emmanuelle moureaux interview and studio visit in tokyo

emmanuelle moureaux
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emmanuelle moureaux is a french architect who has lived in japan for the past 20 years.

emmanuelle moureaux is a french architect who has lived in japan for the past 20 years. in 1996, moureaux relocated from france to tokyo where she later founded her own practice in 2003 — emmanuelle moureaux architecture + design. inspired by the city’s vibrant tones and hues, as well as traditional japanese spatial elements, moureaux’s work uses color as a three-dimensional element, rather than an applied finish.

while in japan, designboom caught up with emmanuelle moureaux at her office, where she gave us an insight into her creative practice and explained why she is so fascinated with color. read our interview in full below, and take a look around her tokyo workspace.

designboom (DB): can you explain why you originally decided to move to tokyo from france?

emmanuelle moureaux (EM): I have been living in tokyo for 20 years — I moved in 1996. I was very interested in japanese literature when I was in high school, so I discovered japan by book. of course, at this time there was no internet, so there was no way to know how contemporary tokyo would be. I was a student of architecture, and I decided to go to tokyo for one week by myself in 1995. it was a one week trip, but it changed my life.

when I got off the train, and when I walked for the first time in ikebukuro, I was so impressed by all the colors, which were floating in space. for me, it was the first time I saw color, and I felt a lot of emotions. these colors appeared not two-dimensional, but three-dimensional, like layers. it was beautiful, and in my first two hours in ikebukuro I decided to live in this city. I went back to france, I took my architecture license, and two months later I moved to tokyo.

DB: color is a central theme in all your projects. how do you use it in your work?

EM: I say I discovered color with the city of tokyo. when I was in france, I was not conscious at all about color. tokyo gave me this passion. I think in europe, and in japan too, in the field of architecture or interior design, color is often considered as a minor element, like a finishing touch. usually architects decide colors at the end of the design process. for example, when the space is created they have to choose the colors of the walls and floor, so it is like a finish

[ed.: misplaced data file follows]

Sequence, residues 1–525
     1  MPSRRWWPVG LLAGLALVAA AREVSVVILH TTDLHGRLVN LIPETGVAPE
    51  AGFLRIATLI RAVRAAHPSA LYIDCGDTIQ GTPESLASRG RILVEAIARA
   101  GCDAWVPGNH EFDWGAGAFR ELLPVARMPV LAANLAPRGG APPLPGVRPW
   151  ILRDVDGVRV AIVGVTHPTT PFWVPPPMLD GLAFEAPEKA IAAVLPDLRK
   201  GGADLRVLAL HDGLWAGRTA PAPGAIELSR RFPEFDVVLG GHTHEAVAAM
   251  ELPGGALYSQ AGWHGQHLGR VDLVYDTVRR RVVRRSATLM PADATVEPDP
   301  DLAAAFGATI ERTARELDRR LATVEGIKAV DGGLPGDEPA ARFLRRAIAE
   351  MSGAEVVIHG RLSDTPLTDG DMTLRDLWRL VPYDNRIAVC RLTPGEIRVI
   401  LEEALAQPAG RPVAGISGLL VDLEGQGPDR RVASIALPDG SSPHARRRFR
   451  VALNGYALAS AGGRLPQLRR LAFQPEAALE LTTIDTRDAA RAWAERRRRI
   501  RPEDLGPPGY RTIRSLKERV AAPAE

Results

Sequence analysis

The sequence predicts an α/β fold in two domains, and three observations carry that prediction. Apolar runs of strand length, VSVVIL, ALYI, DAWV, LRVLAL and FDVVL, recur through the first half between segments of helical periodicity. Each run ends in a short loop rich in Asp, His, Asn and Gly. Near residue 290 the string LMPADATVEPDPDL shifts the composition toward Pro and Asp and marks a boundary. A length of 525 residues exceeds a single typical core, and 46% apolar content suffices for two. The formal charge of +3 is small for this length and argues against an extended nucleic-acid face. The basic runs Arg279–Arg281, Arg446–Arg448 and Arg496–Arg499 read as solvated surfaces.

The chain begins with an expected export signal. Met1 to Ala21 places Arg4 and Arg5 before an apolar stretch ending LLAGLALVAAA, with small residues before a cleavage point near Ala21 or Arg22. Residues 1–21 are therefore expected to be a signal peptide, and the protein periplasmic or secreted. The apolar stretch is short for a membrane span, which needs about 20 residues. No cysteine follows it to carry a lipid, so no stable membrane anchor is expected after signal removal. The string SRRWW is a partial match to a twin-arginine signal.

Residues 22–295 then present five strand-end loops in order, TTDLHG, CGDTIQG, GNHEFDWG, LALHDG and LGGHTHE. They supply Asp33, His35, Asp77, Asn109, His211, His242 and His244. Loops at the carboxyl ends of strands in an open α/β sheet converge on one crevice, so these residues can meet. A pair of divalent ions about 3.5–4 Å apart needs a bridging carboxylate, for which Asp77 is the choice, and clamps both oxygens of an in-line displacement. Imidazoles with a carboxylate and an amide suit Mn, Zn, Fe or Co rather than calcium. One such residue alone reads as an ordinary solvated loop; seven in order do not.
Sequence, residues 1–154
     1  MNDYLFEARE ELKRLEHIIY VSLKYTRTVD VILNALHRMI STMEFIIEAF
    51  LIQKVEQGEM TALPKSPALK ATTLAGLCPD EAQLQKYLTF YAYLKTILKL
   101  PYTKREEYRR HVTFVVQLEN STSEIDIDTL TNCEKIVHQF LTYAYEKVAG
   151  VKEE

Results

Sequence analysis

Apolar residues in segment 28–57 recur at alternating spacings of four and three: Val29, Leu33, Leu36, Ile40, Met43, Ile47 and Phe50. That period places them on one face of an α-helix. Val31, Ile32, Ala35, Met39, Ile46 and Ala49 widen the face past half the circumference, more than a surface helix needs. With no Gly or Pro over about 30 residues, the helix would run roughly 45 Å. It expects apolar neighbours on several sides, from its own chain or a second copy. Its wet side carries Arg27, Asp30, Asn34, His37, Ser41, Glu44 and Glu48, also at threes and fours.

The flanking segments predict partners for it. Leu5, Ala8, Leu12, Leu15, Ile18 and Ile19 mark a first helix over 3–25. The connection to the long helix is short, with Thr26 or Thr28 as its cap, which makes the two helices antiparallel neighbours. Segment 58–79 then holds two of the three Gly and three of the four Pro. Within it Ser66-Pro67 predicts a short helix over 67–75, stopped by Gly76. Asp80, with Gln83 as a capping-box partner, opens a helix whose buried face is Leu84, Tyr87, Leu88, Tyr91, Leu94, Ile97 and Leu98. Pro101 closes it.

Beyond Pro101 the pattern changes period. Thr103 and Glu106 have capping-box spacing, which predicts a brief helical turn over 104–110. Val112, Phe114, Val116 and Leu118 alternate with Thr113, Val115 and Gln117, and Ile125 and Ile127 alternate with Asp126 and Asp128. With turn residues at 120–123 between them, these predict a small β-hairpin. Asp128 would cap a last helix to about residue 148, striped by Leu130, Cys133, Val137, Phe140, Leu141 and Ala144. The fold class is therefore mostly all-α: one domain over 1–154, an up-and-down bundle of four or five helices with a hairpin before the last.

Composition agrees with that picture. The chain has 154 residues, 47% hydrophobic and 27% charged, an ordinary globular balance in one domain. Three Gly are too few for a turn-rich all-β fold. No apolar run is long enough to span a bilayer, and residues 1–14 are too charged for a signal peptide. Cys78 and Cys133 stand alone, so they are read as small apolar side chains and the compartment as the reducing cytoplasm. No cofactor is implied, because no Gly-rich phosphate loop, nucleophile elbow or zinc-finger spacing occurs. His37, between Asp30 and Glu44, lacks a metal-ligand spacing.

EM (continued): when I saw the cityscape of tokyo — because of the structure of the city, the size of buildings, the electric cables, and neon — the colors appear like floating three-dimensional layers — structuring and composing the space. that is totally different from the structure of european cities. for me, the floating layers of color in tokyo gave me the inspiration for my design concepts. I decided to use color not as finishing touch at the end of design process, but as structural elements — so it is three-dimensional.

DB: can you explain the concept of ‘shikiri’?

EM: ‘shikiri’ is japanese word which means partition or screen. for example, it is used to define the traditional japanese sliding paper screen. I was very interested in the traditional shikiri partition, because it is a very beautiful element in japanese architecture. it structures the space, but in a flexible way. unlike a wall, you can feel who or what is on the other side of shikiri. it is a very beautiful element.

when I moved to tokyo I realized that traditional japanese shikiri would disappear, because now japanese people prefer to live in occidental (western-style) apartments or mansions. when I realized that, I felt very sad because shikiri is so beautiful and so functional and adaptive to the japanese climate. so I decided to make something in order to keep and protect shikiri. of course by myself I cannot do big things, but I decided to extract the essence of shikiri, and express it in a more contemporary way. that was the start of my shikiri concept.